Visiting Day

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A toddler is playing on the foam Alef-Beis mat as her proud mom and dad watching her build a block tower and then knock it down again. Her baby sister, just six months old, has her head on her father’s shoulder. At the air hockey table, a teenager is winning against his father.


They laugh when the puck goes flying out of bounds and lands on the nearby lawn. A young girl is painting a canvas with her siblings. She chooses bright yellow for the background, and then her father writes “You are my sunshine” on it.


She runs to show her mother.

It’s visiting day at camp, with happy families together on the sprawling green hills, catching up about their time apart. Except that at this camp, a prison in upstate New York, visiting days don’t usually look like this. Usually, it means hanging out on the chairs in the visiting room. If there’s good weather, maybe a few minutes on the attached patio. If it’s a good day, the guards will put out a stack of board games and playing cards.


Today is more than just a good day, though. There are board games and playing cards. There is canvas making and arts-n-crafts. There is an air hockey table, ping pong table and electric basketball. There is live music, singers, and volunteers who came from New Square just to dance.

Instead of limited hours, families had an entire day. Instead of chairs and tables, families had a fair and access to rolling lawns. Instead of being that family with dad in prison, families were just another happy bunch enjoying the warm summer day.


When the children first came with their moms, they went straight into the visiting room and ran to their dads with arms opened wide. They know their way around here.


When we first arrived, we followed the yellow footprints from the lot, past the tennis court, alongside brown cabins. The slight breeze outside carries the scene of grass and fresh country air. The grounds are beautiful, which is jarring when you understand their purpose. Our cars are just feet away from the tennis courts where men in prison garb are playing. The close proximity to normalcy makes the experience more stinging.


Before the day started, the men spent a few minutes with a therapist Aleph brought down and then sat down to write letters to their loved ones. One man asking for one new card after another. “I keep getting it wrong,” he said as he ripped another vetoed draft and let the pieces flutter into the trash can. Something inside twisted as I watched him struggle over each word.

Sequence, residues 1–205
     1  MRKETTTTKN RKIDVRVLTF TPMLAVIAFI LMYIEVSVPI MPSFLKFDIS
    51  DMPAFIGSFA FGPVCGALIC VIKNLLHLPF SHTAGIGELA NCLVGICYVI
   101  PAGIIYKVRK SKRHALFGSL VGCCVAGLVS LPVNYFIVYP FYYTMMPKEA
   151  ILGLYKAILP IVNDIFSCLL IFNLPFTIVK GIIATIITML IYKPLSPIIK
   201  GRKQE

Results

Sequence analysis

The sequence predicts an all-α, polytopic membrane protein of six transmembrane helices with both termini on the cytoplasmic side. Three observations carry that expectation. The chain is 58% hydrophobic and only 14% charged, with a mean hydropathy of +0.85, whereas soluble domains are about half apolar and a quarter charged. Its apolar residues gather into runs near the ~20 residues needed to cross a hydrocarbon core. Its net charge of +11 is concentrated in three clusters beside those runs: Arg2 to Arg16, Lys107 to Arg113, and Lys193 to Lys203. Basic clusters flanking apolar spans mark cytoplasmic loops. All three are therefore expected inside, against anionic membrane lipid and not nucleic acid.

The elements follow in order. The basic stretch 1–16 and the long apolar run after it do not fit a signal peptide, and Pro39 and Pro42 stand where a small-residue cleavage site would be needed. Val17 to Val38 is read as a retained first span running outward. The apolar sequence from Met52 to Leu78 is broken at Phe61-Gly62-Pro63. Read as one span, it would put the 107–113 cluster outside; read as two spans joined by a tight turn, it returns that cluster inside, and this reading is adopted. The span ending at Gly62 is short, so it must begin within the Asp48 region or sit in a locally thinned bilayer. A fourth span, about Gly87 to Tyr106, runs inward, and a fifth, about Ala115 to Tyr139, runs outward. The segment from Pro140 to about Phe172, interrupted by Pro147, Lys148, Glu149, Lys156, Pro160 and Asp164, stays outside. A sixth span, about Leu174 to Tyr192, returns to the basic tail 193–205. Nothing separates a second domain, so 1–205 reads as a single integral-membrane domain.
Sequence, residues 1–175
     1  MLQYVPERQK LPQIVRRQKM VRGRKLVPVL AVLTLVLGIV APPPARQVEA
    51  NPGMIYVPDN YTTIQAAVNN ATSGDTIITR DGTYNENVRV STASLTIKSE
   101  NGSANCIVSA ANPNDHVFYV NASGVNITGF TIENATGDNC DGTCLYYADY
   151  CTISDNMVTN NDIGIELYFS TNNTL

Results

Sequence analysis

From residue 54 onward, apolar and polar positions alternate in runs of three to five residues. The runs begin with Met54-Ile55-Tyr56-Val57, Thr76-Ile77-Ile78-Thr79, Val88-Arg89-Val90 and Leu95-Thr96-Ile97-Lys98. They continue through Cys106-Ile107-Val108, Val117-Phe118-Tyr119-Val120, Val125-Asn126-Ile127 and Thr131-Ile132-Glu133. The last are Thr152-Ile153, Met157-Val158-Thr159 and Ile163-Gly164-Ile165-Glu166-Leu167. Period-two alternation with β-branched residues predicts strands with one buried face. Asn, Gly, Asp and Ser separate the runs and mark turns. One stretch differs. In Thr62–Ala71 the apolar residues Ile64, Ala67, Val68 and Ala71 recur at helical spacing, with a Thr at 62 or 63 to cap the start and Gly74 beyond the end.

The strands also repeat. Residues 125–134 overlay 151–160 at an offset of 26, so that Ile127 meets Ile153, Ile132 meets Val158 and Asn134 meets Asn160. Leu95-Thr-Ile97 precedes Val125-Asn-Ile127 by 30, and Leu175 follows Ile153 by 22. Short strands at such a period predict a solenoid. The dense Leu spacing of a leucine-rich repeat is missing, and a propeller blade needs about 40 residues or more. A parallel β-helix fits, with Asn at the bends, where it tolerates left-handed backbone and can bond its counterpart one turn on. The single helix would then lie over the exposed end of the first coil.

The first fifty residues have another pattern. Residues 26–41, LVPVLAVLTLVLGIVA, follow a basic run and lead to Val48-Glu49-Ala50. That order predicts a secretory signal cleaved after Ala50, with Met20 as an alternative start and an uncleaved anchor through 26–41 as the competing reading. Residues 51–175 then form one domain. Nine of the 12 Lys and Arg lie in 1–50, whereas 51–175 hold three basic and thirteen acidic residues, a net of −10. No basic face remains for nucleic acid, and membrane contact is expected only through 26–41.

The feeling visited again and again throughout the day. Eventually, it became familiar.

Like when I was speaking to a woman who brought her kids to visit their zaidy, and there were tears pooling in the corners of her eyes. “I bring my kids often for my father’s sake, but they hate it. They drive a long time just to sit around bored. I’ve never seen my kids actually happy to be here,” she said, “and I can’t tell you how much it means to my father.” The next day, her mother called the Aleph office. “We all had such a great time,” she said. “The grandkids want to know if you can do it again next week.”

Or when I watched a teenager play ball with his father, something he was doing for the first time in nine years, only because Aleph arranged special permission to use the courts. The two of them spent most of the afternoon rotating between different fields—catching up on lost years and storing up for the times to come.


Or when a father danced with his little boy on his shoulders…the director of Aleph’s Family Services shot hoops with some of the boys, the Aleph staff talked and painted and played with each of the families…a dad walked around the patio with his little girl pushing her doll in the stroller…a mom chased her little ones in a game of tag.


Moments  like that send shivers. Knowing that the smiles are only a brief pause in their usual lives, that everyone was going to say goodbye soon and go back—to their narrow cots in the prison dorms, the grocery stores where people didn’t know how to greet them, the school halls where stigma trails behind them…


When the day ends, they’re going back home—to a house with no dad around and the weight of his incarceration everywhere they look. But for that brief time, kids were just kids, moms were just moms, and dads were just dads, and families were together.


They’re going back to their harsh reality, but for one day, they had something else as well, an abeyance.


More than 1,400+ families receive guidance and assistance from Aleph’s Family Services department, including things like therapy, grocery and utility bills, summer camp scholarships, arrangements for bar and bas mitzvas, vocational scholarships, life coaching, personal support, and events like the recent unity day.